Road network: growth and speed

Photography by Nigel Green at

Road network: growth and speed

It might not be often that road haulage operators turn to the government with thanks, but two developments during the summer of 2014 are likely to prove more than welcome by the industry as a whole.

Growth of the road network

England is a small country on a small island. News that an additional 900 lane miles of roads are planned to expand the existing network by 2021 is a very significant step forward in creating the capacity needed for the future health of the road haulage industry.

On the 26th of August 2014, HGV UK reported comments by the Minister for Roads, John Hayes, that the government intends to create 35% more capacity on the road network during the period up to 2021 than was delivered in the nine years up to 2010.

This is being done at a cost of some £3 billion every year until 2021 – or triple the current levels of investment.

According to John Hayes, some 574 new lane miles of roadway were built during the period 2001 to 2010. The present government, however, is planning to construct 60 new road schemes, with most of them expected to be open for use by 2021. Taken together, these proposed new schemes will result in the creation of 962 extra lane miles.

If this itself was not good news enough, the Minister also revealed plans later in the year to add still more schemes to the road-building programme – some of them designed to tackle the most notorious bottlenecks and holdups on the national road network.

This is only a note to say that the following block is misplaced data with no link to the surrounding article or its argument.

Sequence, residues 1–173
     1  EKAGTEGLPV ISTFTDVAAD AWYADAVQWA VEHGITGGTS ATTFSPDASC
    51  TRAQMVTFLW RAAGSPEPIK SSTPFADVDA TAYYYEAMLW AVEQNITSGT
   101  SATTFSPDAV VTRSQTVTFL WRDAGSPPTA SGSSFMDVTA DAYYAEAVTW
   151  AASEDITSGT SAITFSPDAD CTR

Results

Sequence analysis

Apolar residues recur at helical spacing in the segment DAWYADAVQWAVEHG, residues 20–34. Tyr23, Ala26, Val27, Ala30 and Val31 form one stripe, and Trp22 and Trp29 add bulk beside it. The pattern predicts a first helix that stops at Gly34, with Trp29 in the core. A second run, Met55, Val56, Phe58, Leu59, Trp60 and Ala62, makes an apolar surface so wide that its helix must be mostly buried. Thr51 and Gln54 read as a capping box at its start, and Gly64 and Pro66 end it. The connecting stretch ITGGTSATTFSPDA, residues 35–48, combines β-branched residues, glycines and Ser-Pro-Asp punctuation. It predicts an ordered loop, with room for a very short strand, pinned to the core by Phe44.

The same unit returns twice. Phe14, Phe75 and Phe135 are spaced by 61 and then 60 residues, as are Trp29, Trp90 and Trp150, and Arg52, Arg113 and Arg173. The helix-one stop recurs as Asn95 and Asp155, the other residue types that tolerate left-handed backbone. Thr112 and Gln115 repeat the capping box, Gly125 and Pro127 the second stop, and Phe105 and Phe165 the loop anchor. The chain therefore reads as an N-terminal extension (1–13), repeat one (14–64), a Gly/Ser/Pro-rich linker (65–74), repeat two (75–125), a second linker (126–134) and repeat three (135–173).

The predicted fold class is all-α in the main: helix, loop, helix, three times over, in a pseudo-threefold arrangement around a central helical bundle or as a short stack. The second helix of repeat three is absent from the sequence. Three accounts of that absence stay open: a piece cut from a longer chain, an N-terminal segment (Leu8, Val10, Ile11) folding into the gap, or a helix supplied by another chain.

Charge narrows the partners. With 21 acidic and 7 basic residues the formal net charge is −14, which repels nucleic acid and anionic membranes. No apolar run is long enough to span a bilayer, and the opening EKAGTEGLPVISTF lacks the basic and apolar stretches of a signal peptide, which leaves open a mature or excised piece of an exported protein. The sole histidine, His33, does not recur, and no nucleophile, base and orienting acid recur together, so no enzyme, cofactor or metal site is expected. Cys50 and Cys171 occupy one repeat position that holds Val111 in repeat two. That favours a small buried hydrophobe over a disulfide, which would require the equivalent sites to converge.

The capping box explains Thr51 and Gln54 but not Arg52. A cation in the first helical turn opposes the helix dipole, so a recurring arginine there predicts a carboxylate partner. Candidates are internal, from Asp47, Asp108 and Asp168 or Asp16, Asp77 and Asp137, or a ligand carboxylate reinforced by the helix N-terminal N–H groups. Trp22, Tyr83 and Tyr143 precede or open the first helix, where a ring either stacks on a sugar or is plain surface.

An estimated £2.6 billion saving to the public purse during the next ten years is also said to be achieved by turning the Highways Agency into a government-owned company.

The speed limit for heavy goods vehicles

The haulage industry’s Fleet News, in a report in July 2014, revealed that the speed limit for lorries over 7.5 tonnes in weight might soon be raised from 40 mph to 50 mph on single carriage roads. The government is also consulting the industry about raising the speed limit for the same vehicles from 50 mph to 60 mph on dual carriageways.

The current speed limits have been in use for some 50 years or so and the changes – just as the increase in the road network itself – are intended to help cut congestion, reduce overtaking in dangerous situations, and so contribute to road safety in the wider scheme of things. By making roads safer, there may also be a longer-term reduction in the cost of HGV insurance.

The government has also announced its intention to conduct a major study into road safety on the rural road network sometime in the near future.

The new 50 mph limit on single carriageways is said to be coming into effect early in 2015, with the 60 mph limit on dual carriageways coming into force at the same time, subject to the completion of the current consultation process.

The proposed changes have already received approval from both the RAC and the Freight Transport Association (FTA). The road safety pressure group, Brake, however, has voiced its disappointment and concern.